Footballers are better at predicting opponents’ movements, MRI research finds
Ever wondered what makes Cristiano Ronaldo so good at intercepting the ball?
By studying brain scans, Brunel University researchers have discovered that highly-skilled footballers are able to activate more areas of their brain than novices when they see an opponent heading towards them, making them better able to anticipate their moves. The research, published in the Journal of Sport and Exercise Psychology, found that experienced players seem to have developed a ‘checking’ system that suppresses the urge to react instinctively, making them less likely to fall for deceptive feints.
The research, which looks to discover the neural basis for cognitive superiority, involved 39 participants ranging from semi-professional footballers to novices. The participants lay in an MRI scanner whilst watching clips of a junior international-level player dribbling a ball toward them. On some occasions the oncoming player performed a deceptive manoeuvre and participants had to decide in which direction to move, while their brain activity was monitored. They were then grouped according to how well they performed. The skilled footballers were more attuned to the actions and deceptive movements of opponents than their less-skilled counterparts.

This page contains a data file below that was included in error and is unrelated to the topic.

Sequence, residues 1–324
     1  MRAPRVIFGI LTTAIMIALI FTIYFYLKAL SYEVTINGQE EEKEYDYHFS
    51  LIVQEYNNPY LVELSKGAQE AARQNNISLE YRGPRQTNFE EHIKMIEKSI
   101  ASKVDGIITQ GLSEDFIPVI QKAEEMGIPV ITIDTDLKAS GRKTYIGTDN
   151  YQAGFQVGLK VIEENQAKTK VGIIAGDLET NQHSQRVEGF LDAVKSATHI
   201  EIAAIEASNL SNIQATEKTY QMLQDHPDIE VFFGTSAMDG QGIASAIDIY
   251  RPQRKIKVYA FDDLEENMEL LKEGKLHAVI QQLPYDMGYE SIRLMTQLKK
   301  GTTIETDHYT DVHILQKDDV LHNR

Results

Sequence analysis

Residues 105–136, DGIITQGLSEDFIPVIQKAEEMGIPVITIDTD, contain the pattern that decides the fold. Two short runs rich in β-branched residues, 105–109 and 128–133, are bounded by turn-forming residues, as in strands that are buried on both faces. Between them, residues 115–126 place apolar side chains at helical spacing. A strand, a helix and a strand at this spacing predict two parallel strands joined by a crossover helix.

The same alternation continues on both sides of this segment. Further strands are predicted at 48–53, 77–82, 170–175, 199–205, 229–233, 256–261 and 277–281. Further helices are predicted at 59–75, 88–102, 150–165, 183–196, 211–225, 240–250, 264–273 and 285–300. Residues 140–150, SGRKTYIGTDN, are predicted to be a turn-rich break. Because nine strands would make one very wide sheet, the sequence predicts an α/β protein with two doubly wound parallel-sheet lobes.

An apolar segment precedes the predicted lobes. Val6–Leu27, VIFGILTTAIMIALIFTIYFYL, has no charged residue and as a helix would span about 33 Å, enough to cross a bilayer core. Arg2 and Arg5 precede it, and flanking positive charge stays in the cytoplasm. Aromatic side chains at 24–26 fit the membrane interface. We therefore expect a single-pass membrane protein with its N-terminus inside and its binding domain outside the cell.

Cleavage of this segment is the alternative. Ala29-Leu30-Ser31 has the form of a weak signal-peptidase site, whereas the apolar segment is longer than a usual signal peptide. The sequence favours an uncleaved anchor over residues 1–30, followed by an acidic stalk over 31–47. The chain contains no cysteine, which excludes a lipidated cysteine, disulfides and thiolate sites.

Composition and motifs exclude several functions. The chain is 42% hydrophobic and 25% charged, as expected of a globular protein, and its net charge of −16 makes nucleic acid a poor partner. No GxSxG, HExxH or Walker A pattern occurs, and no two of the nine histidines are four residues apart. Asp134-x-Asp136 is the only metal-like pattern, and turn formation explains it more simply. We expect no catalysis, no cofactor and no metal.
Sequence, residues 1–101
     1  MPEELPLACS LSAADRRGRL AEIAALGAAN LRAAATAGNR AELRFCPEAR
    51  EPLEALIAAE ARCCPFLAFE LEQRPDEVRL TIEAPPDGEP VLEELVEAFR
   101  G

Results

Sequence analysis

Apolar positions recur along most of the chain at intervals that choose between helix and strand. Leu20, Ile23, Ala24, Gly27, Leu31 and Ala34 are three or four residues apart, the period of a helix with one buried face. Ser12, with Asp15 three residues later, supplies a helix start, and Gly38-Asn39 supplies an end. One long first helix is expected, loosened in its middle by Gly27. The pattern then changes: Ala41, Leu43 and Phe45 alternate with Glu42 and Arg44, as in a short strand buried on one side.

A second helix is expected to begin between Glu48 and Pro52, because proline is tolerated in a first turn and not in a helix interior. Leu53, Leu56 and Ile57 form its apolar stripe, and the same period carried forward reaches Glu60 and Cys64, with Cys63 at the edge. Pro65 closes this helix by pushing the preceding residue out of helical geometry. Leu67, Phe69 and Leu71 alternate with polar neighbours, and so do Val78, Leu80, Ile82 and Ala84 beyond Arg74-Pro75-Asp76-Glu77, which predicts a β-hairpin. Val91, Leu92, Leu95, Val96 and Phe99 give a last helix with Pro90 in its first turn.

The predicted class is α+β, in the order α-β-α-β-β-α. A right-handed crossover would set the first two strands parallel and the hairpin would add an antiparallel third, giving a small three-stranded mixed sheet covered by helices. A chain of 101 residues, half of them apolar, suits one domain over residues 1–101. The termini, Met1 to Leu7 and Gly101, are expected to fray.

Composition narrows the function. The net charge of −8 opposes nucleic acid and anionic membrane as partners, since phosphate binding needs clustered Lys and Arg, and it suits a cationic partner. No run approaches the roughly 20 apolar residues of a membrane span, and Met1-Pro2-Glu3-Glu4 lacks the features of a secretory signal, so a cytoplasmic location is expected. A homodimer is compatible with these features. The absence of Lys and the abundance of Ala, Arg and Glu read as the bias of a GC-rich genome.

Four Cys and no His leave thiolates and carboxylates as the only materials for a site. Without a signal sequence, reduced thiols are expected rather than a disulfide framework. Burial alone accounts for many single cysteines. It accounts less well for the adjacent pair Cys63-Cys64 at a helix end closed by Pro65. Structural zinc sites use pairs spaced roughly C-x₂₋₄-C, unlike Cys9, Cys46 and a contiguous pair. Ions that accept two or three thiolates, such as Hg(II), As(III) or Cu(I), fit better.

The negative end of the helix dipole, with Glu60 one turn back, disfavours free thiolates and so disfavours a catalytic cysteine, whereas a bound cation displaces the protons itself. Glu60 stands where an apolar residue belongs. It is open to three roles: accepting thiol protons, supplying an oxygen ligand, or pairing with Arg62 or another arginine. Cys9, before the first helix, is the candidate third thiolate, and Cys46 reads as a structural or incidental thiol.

The results also showed evidence of stronger activation of the Mirror Neuron System (MNS) when predicting an opponent’s actions. The MNS is active not only when performing an action within our personal repertoire, but also when viewing that same action performed by others. Hence, there was clear evidence of ‘recognition’ of the opponents’ movements in the more skilled performers.
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